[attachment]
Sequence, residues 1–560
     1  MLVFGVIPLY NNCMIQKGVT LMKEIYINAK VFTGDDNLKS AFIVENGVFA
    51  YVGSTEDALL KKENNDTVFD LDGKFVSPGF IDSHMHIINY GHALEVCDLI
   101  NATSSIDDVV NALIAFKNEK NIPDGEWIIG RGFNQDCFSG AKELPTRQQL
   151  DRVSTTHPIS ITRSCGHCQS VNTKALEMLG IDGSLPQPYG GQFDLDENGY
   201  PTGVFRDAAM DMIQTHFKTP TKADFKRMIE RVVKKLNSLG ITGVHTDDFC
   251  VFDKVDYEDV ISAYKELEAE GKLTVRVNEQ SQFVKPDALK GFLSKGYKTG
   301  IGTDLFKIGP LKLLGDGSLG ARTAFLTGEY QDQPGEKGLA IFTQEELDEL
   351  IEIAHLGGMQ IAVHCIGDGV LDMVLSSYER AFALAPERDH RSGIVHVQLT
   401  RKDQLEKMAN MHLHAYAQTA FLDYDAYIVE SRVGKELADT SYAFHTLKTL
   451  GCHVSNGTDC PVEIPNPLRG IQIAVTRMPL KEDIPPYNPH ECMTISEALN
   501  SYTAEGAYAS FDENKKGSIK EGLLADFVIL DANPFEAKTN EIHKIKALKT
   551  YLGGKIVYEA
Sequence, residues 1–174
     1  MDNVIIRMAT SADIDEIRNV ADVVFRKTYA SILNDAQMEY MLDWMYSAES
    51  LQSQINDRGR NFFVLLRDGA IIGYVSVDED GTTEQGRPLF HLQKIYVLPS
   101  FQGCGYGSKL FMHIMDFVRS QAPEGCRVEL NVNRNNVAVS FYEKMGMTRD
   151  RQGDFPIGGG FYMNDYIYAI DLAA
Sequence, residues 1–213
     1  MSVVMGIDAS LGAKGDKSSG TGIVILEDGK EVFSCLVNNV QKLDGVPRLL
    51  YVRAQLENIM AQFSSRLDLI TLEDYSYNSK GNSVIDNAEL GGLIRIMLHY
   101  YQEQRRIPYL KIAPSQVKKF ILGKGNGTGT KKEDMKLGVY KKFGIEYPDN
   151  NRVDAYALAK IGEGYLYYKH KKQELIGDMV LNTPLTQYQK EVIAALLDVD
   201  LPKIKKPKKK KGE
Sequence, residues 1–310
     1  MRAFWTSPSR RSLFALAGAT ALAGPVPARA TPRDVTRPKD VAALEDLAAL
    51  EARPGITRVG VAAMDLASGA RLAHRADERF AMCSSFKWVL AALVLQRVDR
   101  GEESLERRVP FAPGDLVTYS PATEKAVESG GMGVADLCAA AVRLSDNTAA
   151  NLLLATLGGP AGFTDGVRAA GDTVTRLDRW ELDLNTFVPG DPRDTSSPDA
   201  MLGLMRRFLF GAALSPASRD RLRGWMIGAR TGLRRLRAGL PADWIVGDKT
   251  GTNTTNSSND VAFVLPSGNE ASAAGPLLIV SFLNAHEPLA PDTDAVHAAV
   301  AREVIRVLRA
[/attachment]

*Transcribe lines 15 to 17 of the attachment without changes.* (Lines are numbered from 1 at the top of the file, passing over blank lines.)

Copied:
     1  MDNVIIRMAT SADIDEIRNV ADVVFRKTYA SILNDAQMEY MLDWMYSAES
    51  LQSQINDRGR NFFVLLRDGA IIGYVSVDED GTTEQGRPLF HLQKIYVLPS
   101  FQGCGYGSKL FMHIMDFVRS QAPEGCRVEL NVNRNNVAVS FYEKMGMTRD